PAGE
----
Though "TÁR" locates many classical resonances with its tragic downfall, Field's story also speaks powerfully to the contemporary. With its pointed incorporation of social media virality as well as its nuanced understanding of contentious identity politics, the film mires Tár's quest for recognition in the ethical quicksand of her era. Field is unafraid to ruffle feathers with his portrayals of social phenomena like cancel culture and the #MeToo movement, taking no ideological position unquestionably. It's not so much a bomb drop as the release of a hand grenade, slowly releasing its vapors until they consume the characters entirely.

But beyond the initial provocation, it's not clear what Field has to say that's particularly novel about the present moment in debating the relationship between brilliant art and toxic artists. The film is mercifully not a manifesto, but it's occasionally fumbling for something profound to say about what Field shows. "TÁR" often resorts to lazy shorthand in conveying the details of the protagonist's dilemmas. Field is quick to criticize but hesitant to introduce — or even hint at — replacement values for dominant ideologies.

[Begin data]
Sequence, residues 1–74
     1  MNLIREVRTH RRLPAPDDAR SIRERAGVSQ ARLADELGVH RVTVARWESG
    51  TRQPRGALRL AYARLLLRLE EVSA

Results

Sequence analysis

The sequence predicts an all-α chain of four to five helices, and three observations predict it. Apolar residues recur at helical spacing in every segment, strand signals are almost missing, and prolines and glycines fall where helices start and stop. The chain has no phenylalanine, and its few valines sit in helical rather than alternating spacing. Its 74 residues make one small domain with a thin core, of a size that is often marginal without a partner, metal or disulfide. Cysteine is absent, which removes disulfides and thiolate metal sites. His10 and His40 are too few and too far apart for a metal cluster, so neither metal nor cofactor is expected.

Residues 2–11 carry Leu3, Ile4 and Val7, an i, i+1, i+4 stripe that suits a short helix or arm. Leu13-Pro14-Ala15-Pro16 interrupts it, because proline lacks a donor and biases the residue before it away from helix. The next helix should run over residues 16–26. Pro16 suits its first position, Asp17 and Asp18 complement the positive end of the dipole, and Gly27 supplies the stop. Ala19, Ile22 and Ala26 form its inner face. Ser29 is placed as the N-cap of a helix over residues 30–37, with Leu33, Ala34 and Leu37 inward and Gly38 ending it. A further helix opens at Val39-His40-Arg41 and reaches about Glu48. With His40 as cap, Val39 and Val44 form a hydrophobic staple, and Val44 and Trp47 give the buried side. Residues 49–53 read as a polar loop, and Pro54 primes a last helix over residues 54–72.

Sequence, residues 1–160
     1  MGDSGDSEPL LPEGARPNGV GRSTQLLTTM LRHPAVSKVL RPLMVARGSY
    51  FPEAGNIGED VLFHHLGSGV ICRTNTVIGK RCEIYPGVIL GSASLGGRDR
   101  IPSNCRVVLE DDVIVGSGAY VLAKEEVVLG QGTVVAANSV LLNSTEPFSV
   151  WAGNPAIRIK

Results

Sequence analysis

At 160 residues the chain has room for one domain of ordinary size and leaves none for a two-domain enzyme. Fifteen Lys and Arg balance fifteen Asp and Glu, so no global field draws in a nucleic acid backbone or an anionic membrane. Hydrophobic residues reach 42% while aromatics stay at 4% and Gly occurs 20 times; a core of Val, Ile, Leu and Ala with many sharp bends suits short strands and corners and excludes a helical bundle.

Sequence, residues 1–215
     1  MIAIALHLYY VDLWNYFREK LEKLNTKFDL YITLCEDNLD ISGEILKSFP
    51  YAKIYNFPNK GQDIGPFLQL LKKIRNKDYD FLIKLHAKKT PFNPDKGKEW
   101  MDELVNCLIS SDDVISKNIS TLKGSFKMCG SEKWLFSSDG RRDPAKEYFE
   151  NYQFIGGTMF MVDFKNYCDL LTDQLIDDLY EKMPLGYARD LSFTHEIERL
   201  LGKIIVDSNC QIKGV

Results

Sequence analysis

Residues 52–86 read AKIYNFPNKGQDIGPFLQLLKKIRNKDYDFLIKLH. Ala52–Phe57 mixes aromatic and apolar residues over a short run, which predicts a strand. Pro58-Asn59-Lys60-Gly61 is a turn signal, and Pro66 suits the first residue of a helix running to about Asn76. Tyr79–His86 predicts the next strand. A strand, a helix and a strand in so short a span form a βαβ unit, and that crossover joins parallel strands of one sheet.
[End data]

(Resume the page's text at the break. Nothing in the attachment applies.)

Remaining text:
While it can sometimes get tangled in the weeds of easy cultural signifiers for highbrow and lowbrow art, that's of little concern for a film shooting for the stars thematically and aesthetically. Field channels a Kubrickian sense of unease as he charts the existential unmaking of Tár as her ambition runs astray. Tár's streak of vindictiveness and barely concealed preferential treatment proves her undoing. The film resists simple reduction into any one thing — psychological thriller, character study, melodrama — into a tonal blend of orchestral might. Field builds sparsely and methodically toward the character's cataclysmic crescendo.